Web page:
How Do I Start a Family Cemetery

By Linda Woolhether ; Updated June 05, 2017
Father and daughter holding hands at cemetery

Laws governing the establishment of family cemeteries vary from state to state. Individual counties within some states have their own rules regulating family cemeteries on private land. The primary reason people choose for burial on family-owned land is the deep spiritual connection they feel toward the property. Anyone considering starting a family cemetery on their private property must research the state, county or city laws and requirements before pursueing the project.

Select a portion of your property that is appropriate for a family cemetery. Contact your local county or city government regarding rules governing your particular property. Some states require that you perform a survey of your selected location. Anyone can do the survey, including you. There is no need to use a professional surveyor. Place a fence around the cemetery to designate its exact location.

Research the state requirements regarding required distance from populated areas. Municipality boundaries vary according to the population. If you live near a town with a population exceeding 200,000, your land must be at least 4 miles outside the city limits to establish a family cemetery. File your completed survey with your local county clerk designating the exact location of the cemetery plot. Texas requires you to file a Certificate of Dedication of land as well. You must include a map to the plot with the filing along with the exact planned lay out of the cemetery.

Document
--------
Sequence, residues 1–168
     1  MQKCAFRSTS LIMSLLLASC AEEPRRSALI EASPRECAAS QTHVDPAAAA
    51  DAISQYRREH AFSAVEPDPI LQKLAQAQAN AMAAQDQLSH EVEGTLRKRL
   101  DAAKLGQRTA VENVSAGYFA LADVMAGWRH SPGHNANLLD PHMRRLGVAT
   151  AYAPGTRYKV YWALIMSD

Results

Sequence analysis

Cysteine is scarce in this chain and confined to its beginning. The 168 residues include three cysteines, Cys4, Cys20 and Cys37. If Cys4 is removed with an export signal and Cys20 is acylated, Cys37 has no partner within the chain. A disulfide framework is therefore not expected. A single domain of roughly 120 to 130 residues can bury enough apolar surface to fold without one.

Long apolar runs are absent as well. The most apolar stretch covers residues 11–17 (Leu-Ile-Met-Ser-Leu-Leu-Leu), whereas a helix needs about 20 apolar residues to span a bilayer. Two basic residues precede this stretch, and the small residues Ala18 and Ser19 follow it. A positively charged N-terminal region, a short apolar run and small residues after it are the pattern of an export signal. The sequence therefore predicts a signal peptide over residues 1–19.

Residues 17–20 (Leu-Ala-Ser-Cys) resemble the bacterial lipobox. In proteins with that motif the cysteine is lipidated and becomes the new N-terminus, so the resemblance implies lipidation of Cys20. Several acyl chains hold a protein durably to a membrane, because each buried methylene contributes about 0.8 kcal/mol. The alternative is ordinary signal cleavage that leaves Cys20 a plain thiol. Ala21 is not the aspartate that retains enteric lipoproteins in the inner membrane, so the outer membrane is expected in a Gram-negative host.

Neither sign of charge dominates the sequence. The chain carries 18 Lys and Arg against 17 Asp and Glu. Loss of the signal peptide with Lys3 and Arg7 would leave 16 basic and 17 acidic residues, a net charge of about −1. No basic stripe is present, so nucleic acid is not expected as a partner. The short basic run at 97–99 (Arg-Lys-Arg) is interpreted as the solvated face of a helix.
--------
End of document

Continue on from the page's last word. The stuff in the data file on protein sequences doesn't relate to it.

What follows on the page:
Observe easement and zoning laws and familiarize yourself with health and safety regulations. Comply with any regulations regarding the depth of graves. Most laws governing burials require placing the casket containing the body no less than two feet below the surface of the ground. Choose a casket constructed of impermeable materials to prevent possible soil contamination from leakage.

Establish a plan to keep good records of all internments along with dates and exact location of the graves. File these completed forms and all burial records with the county clerk. You must file a separate deed for the cemetery if you sell your property.

About the Author

Linda Woolhether is a retired teacher born in Texas, but now resides in Wyoming. Her career as a reading and writing teacher spanned 20-plus years. She holds a Master of Arts in education in curriculum and instruction and is experienced in various types of writing. She was successful in writing several educational grants while teaching. Completing a novel is presently her goal.